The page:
Leaking Passwords through the Spellchecker

Sometimes browser spellcheckers leak passwords:

When using major web browsers like Chrome and Edge, your form data is transmitted to Google and Microsoft, respectively, should enhanced spellcheck features be enabled.

Depending on the website you visit, the form data may itself include PII­—including but not limited to Social Security Numbers (SSNs)/Social Insurance Numbers (SINs), name, address, email, date of birth (DOB), contact information, bank and payment information, and so on.

The solution is to only use the spellchecker options that keep the data on your computer—and don’t send it into the cloud.

Posted on September 26, 2022 at 6:08 AM13 Comments


Clark Gaylord September 26, 2022 7:00 AM

Sure, but there’s also no question that these tools benefit dramatically from having data from the endpoint systems. It is easy enough to filter things that look like dob, ssn. We use these filters in reverse to find data (eg Identity Finder). Of course there’s the problem of where this happens (server side, client side) how trusted the code is in doing this, etc.

Stuart Ward September 26, 2022 7:58 AM

Web site owners are mostly complicit in this in not marking up password fields with the correct tags, <input type="password"

I also complain that the should add the autocomplete="current_password" so that password managers can correctly complete this.

JonKnowsNothing September 26, 2022 7:59 AM


re: don’t send it into the cloud

For enormous swaths of users, they don’t get a choice, the cloud is enabled by default and by requirement.

There are services that upload all sorts of documents and return them via download into other formats. If it happens to be a required document, like an for application to some on-line service, company or employer, you are SOL.

Saying Don’t Do It, really isn’t much help.

Marcus September 26, 2022 9:49 AM

Google and Microsoft have access to all the email for their users. These emails include temporary passwords (password reset or creating an account on a new site). And of course the emails also include PII of all sorts.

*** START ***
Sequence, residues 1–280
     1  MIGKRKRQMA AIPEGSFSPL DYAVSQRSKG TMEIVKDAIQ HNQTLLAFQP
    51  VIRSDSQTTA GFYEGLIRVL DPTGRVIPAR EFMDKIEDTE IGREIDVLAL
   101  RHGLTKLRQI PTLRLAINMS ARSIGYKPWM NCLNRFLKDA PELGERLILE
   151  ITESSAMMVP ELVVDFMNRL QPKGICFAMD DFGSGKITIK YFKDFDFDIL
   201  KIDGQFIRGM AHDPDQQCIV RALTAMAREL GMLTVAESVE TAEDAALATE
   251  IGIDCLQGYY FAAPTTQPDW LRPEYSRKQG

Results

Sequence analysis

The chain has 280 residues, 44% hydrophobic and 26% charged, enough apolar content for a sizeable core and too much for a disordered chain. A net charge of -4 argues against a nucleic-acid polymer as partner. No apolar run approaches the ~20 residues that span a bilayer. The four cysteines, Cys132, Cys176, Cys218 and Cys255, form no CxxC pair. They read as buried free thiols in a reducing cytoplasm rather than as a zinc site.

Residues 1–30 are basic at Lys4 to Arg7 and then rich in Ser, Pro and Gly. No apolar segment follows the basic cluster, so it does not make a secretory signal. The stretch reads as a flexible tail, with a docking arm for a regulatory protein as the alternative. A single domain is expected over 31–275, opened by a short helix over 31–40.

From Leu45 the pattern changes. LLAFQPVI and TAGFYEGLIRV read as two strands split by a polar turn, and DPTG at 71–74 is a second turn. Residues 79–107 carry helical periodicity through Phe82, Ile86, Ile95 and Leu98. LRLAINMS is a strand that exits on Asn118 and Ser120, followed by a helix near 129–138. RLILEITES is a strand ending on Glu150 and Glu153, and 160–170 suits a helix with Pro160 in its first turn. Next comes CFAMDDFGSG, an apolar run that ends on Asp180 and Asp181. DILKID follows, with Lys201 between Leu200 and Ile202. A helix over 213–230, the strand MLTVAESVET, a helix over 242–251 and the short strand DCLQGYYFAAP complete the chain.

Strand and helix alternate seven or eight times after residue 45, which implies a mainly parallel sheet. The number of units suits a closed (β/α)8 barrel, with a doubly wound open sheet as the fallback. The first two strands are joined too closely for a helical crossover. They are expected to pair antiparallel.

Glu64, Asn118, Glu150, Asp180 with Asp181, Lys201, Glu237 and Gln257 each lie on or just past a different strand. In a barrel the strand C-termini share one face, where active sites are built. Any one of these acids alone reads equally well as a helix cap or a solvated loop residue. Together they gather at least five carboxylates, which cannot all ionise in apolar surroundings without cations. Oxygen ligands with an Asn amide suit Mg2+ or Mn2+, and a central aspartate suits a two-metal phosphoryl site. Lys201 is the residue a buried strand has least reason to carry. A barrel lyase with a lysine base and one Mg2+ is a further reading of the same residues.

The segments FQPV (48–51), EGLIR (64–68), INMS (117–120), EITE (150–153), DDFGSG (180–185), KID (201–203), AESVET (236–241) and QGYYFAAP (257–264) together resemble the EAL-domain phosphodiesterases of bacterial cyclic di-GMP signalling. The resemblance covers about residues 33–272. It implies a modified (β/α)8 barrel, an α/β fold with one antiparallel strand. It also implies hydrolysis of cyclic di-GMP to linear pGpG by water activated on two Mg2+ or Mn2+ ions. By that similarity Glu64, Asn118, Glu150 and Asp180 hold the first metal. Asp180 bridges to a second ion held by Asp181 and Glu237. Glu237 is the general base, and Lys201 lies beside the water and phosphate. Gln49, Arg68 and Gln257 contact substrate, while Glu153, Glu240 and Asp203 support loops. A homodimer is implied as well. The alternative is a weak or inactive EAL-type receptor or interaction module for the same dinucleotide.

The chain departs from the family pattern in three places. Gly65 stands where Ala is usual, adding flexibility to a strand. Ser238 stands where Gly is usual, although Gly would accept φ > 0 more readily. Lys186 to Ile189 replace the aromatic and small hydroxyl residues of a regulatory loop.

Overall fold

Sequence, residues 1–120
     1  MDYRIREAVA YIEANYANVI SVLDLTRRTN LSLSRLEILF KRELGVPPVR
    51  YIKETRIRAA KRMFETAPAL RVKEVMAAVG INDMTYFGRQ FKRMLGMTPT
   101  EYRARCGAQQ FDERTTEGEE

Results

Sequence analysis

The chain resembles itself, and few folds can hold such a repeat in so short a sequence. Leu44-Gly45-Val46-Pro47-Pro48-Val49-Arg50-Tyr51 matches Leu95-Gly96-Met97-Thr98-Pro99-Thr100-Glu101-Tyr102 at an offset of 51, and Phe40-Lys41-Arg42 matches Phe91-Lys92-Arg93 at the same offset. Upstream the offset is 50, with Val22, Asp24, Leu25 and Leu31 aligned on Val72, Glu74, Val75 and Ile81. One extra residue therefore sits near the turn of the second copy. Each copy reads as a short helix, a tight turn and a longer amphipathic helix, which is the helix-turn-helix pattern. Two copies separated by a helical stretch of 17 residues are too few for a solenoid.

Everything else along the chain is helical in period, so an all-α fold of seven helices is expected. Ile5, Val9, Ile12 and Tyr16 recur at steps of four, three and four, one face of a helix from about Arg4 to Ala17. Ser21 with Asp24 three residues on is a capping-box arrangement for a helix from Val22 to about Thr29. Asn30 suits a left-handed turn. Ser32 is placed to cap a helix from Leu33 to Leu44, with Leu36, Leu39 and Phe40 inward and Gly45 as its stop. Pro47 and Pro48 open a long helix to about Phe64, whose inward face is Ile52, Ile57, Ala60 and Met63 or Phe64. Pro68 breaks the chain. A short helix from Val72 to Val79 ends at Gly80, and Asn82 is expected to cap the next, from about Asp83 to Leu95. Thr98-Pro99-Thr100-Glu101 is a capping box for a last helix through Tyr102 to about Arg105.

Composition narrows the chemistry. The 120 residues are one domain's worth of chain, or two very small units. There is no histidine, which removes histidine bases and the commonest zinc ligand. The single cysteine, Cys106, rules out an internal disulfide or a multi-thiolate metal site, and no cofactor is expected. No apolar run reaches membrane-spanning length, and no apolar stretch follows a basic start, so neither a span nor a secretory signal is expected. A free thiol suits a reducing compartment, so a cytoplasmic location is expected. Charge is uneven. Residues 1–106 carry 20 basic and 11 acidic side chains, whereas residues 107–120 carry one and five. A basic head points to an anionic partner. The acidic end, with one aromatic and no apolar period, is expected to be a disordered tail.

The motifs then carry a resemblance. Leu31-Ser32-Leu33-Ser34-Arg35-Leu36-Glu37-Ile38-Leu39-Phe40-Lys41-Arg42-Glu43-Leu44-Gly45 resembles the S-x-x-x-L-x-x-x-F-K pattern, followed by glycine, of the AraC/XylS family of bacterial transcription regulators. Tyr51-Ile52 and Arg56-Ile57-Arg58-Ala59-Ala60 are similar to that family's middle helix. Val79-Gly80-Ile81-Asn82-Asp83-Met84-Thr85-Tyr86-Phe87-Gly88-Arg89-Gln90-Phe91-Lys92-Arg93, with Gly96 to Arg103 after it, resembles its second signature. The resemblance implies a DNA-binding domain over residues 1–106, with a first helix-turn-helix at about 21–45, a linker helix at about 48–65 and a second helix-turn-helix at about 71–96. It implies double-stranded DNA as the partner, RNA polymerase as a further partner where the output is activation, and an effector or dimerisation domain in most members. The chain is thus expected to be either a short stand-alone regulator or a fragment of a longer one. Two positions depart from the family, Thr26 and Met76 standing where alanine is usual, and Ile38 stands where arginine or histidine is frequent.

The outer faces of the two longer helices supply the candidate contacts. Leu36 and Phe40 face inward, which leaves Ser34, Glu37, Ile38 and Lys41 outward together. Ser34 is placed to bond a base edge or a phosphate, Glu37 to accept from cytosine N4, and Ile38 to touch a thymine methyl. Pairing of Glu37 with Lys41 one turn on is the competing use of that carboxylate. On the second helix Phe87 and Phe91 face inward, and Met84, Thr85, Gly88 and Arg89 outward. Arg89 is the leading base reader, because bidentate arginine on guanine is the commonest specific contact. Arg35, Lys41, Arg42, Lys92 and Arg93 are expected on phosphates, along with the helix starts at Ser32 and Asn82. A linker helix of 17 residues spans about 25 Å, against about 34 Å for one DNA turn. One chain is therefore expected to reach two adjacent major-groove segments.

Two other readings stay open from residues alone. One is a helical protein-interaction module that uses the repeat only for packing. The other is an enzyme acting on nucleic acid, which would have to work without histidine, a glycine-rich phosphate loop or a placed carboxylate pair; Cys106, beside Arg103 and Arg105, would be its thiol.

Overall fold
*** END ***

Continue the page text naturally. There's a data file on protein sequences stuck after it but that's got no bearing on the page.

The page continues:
So PII and passwords leaking to Google and Microsoft is not a big deal if you already use their email services.

In other words, if you are concerned that spellchecking leaks PII and passwords to Microsoft and Google, then you should not use their enhanced spellcheck features. Also you should not use their email. And you should not communicate by email with anybody who uses Google and Microsoft email either.

what September 26, 2022 10:13 AM

Re: Also you should not use their email. And you should not communicate by email with anybody who uses Google and Microsoft email either.

Those mitagations are not the only available at the concerned person end and control. Under the user’s control the alternatives are disably cloud-based spell-checkers, transmission of PII containing documents and messages by first encrypting them before putting them in email. However whatever mitigations or lack of by other parties who have access to PII is outside the control of the persons who own the PII. So the respect deserved by a person’s PII has still has to be enforced on those parties leaking PII via email and spell checkers. My health centre does not send messages with health information and PII in message bodies of email so as to prevent undue leakage of health information abd PII at both the sender and recever sides